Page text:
Why? Well, too many are partisan. They already have their favourite authors, and review and comment on them pretty much exclusively. If they receive books to review by other authors, they will all too often not read them, but instead will parcel them up and sell them as a job lot. I know this, because of the paper reviewers I have known, the talk of black bin liners of books arriving each week and being offered to staff before the remainder were carted off the local Oxfam, proves that it was impossible to read them all. They couldn’t read them all, so how could someone like me, who is reading part time?

In the past, I used to send my books to such reviewers. Never again. When I buy one of my own books, I don’t get the sort of discounts amazon does. It costs me 50% of the cover price. With postage and so on, it’s a lot of money – and then not to see a review adds insult to injury. So, in future, no books from, I’m afraid.

Likewise the folks who call each June and July saying that they are researchers for film or TV companies must do without I have a suspicion that they were sorting out their holiday reading, rather than trying to place my books with a film company!

There is another reason why I tend to ignore reviews.

Generally, there are all too few good, professional reviewers. I recall a lengthy lunch once with one of them. During it, he mentioned that he had read and really enjoyed my latest book. He had written up a very good review. The sort of thing that would have added to my sales, perhaps even generated a marketing budget, you never know (I have never had a budget for marketing in all my seventeen years of writing). But of course the article never appeared.

In the same week as he wrote the piece about me and my book, there was a new one published by a Mr Deaver, a new one from a Mr Lehane, and a third by a Mr Child. The editor had heard of all of them, so writers of whom he had not heard were unnecessary. My friend the reviewer tried two other national papers, but received the same response.

So, good books by less-well-known writers will not appear in the press, especially now that literary pages are reducing in size.

And there is another thing that colours my perception of reviews: I have noticed that when I read them in the papers, I have tended to do so because I like the reviewer. There are only a limited number of books I have bought because of a review. Usually I read the review for the pleasure of the reviewer’s writing. I do not think I am alone in that.

So, to move on . . .

. . . No. I have tried, but I cannot leave this without mention of that pernicious, insidious example of modern reviewing, the amazon reader review.

The number of stars, the short (or long) write-up, all are supremely irrelevant to me, and I don’t care whether it’s for a book, a battery or a film. I don’t trust the judgement of the reviewer.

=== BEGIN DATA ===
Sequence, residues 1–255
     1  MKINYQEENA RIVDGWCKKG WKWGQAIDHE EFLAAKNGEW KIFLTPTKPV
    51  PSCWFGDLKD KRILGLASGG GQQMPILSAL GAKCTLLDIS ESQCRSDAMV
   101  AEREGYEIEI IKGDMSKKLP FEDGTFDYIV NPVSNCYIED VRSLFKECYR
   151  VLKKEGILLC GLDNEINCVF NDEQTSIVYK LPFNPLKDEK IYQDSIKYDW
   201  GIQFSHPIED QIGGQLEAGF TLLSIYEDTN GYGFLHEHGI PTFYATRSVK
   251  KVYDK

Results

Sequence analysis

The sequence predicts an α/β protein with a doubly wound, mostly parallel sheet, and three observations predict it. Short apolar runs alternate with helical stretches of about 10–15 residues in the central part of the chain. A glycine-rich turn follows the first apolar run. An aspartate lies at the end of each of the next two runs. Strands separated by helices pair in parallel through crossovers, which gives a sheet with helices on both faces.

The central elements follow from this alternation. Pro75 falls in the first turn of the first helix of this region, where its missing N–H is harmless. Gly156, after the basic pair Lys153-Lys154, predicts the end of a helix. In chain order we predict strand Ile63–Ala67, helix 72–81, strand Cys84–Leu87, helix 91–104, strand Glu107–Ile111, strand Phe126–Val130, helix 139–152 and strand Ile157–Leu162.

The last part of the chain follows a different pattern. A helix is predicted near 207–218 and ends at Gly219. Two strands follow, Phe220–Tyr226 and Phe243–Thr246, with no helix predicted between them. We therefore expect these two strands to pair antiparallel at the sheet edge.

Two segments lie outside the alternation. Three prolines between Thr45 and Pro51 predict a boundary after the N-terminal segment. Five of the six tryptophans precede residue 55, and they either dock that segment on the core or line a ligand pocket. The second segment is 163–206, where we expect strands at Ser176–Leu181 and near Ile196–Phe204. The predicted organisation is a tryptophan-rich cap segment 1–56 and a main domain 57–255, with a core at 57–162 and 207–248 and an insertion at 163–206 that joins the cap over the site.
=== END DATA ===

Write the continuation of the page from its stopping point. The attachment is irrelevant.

My first book was once reviewed and given a single star. The writer said he didn’t like the changes in point of view, hated the first person piece in the beginning, and anyway, all my historical facts were wrong.

He never listed the potential historical inaccuracies, so I cannot confirm whether he was right or not, but I do know that he was wrong on both other counts, simply because there was only one point of view, and nowhere did I write in the first person. To this day I do not know if he was thinking of a different book.

Such reviews are meaningless because there is no way of telling whether the reviewer was good or bad, or whether his or her judgement was valid or worthless. How could anyone rely on his words? But some will.

As the extreme end, there appear to be several examples of academics now going to amazon and elsewhere, and rubbishing other authors’ works, while also singing the praises of their own works, using a pseudonym. Trusting such reviews is like trusting unconfirmed or corroborated comments on the Internet. You cannot trust them.

So, in short, the only valid indicator of the value of a book is, the comments of readers with whom I have built up a relationship. They can be readers of my books, they can be writers whom I know, they can be friends, editors, agents, anyone, but not strangers.

There it is. I don’t trust reviews.

But, having said all that, there is nothing like reading a good review about one of your books in the press.

This week I have had an excellent review in The Scotsman, another on Lexis on the web, and now I hear that there is a superb review in The Literary Review, perhaps the most prestigious magazine I could hope to get into. Making me feel remarkably smug.

So no, I don’t tend to read or trust reviews. Ever.

Unless it’s a good one.

– Posted using BlogPress from my iPad

2 Responses to “Amazing reviews”
  1. I love all of your books. Whenever I read a historical fiction novel I usually google various characters
    to see if the depiction of them is accurate. Yours are right on.

    Now if we could only convince your publishers to have them on a kindle.